Inter-States River Water Disputes in India
The rivers of India play a vital role in the sustenance of lives of millions of Indians. They form the major irrigation system. They form the habitat of marine lives.
With the growing population, the demand for water has been increasing exponentially after independence. A river is merely freely running water which can emerge from one state, flows through another state and ends in third state. The uprising of Cauvery river dispute between Karnataka and Tamil Nadu has blown fire to the scenario of inter-state water disputes. Most of these disputes have been resolved on the basis of unbiased allotment by the central government. Whenever required, negotiation through appointment of water disputes tribunals is also resorted.
Cauvery Water Dispute
Cauvery is one of the holiest rivers in South India and is also known as the ‘Ganges of the South’. It originates in the form of a spring from Brahmagiri Hill at Talakaveri, Kodagu in Karnataka and finally cascades across Tamil Nadu to meet Bay of Bengal. It is one of the longest rivers of South India crossing four states, i.e. Karnataka, Tamil Nadu, Kerala and parts of Pudducherry. This 802 km river has 44,000 km2 basin area in Tamil Nadu and 32,000 km2 basin area in Karnataka.
The seeds of Cauvery river conflict between Karnataka and Tamil Nadu were sown during two agreements in 1892 and 1924 between the erstwhile Madras Presidency and Princely State of Mysore.
Matters of Conflict:
It has been a long time that Karnataka made it clear that the delay in development in irrigation must not lead to any reduction of its rights to utilise the river for agricultural and other development. According to Karnataka, a downstream state cannot make a claim when there is scarcity of water and inadequacy in upstream areas, i.e. Karnataka has been practicing the Harmon doctrine to define its property rights.
Whereas, Tamil Nadu’s argument rests on the fact that as per the agreement of 1924 signed between princely state of Mysore (presently Karnataka) and Madras presidency (presently Tamil Nadu), the long history of water use, farmers in Cauvery delta irrigating and producing paddy should not be denied water. The agreement also clarifies that the farmers in Karnataka can absolutely use the river water, but only up to a certain limit on the volume of water and area to be irrigated so that upstream water use does not endanger the longstanding downstream uses in Tamil Nadu.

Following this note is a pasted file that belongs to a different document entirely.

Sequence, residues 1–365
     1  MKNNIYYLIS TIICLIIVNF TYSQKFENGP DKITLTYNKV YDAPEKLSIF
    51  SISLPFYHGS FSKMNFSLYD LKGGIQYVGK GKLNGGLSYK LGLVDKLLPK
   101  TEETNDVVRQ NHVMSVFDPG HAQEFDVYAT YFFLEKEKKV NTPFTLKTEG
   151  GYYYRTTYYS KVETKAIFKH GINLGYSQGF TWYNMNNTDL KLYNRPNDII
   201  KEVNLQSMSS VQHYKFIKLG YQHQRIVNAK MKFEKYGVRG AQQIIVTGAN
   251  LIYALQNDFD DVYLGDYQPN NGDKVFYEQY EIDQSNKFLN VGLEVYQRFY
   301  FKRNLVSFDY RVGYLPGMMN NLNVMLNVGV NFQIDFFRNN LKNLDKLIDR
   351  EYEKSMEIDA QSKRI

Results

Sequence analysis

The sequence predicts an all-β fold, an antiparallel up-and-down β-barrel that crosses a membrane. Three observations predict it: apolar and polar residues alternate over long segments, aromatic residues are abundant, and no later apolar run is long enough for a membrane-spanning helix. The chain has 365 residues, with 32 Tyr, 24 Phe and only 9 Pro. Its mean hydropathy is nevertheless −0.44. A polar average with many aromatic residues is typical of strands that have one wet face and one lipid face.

The Cauvery Water Disputes Tribunal (CWDT)
In order to resolve the Cauvery river dispute, Cauvery Water Dispute Tribunal (CWDT) as constituted on June 2, 1990 by the Government of India. It took 16 years of hearing and an interim order that CWDT announced its final verdict in 2007 whereby allocating 419 thousand million cubic feet (tmc ft) water to Tamil Nadu and 270 tmc ft to Karnataka allocating 419 thousand million cubic feet (tmc ft) water to Tamil Nadu and 270 tmc ft to Karnataka. Apart from Karnataka and Tamil Nadu, the final verdict also allocates 30 tmc ft water to Kerala and 7 tmc ft to Puducherry.
The Tribunal concluded that total availability of water in Cauvery basin stood at 740 tmc ft. However, both Tamil Nadu and Karnataka filed a review petition before the Tribunal.
Problem and its solution:
Tamil Nadu withdrew its case in 1980 but demanded to constitute a tribunal so as to resolve the issue, the negotiations for which continued till April 1990 which did not yielded any fruitful results.
The tribunal was formed under the government of VP Singh as ordered by the Supreme Court. The tribunal was headquartered in New Delhi and constituted three members. Karnataka asked for 465 tmc ft water whereas, Tamil Nadu sought that the flow should be in accord with the terms of the agreements of 1892 and 1924. It also demanded a mandatory injunction on Karnataka for the immediate release of water and other relief.
The interim award given to Tamil Nadu in June 1991 due to which Karnataka was forced to accept the order led to widespread violence and demolitions in various parts of Karnataka and Tamil Nadu. The violence also forced many Tamil families to flee from Bangalore in fear of being attacked by pro-Kannada activists.
CWDT gave its final order after 16 years in 2007 ordering the allocation of 419 tmc ft of the water of Cauvery to Tamil Nadu, 270 tmc ft to Karnataka, 30 tmc ft to Kerala and 7 tmc ft to Puducherry. However, this order was not accepted by the public due to which the dispute was continued and states again filed review petition.
In 2012, the then-prime minister, Dr. Manmohan Singh, directed Karnataka to release 9,000 cusecs of Cauvery water to Tamil Nadu. This directive was also given unacceptance by the chief ministers of both the two states, i.e. Jayalalithaa (Tamil Nadu) and Jagadish Shettar (Karnataka).
The central government announced the final decision in February 2013. In March Tamil Nadu approached the Supreme Court to direct to the Water Ministry’s constitution of the Cauvery Management Board, and also had demanded for Rs 2,480 crore compensation from Karnataka for not following CWDT orders.
Tamil Nadu on 22 August 2016 approached Supreme Court, seeking direction to Karnataka to release 50.052 tmc ft river water from its reservoirs for its third samba cultivation, as mandated in the final order of the CWDT in 2007. Karnataka cited distress situation and declined to release water.
On September 20, 2016, Supreme Court ordered Karnataka to release 6,000 cusecs of water from September 21, 2016 to September 27, 2016 and also directed the centre to set-up the Cauvery Management Board so as to provide a permanent solution for the dispute.
As per the final order of the supreme court, the water release limit was increased by increasing in number of days. This lead to an unrest among the people of and violence broke out in Bengaluru, Mysuru, Mandya and other parts of state.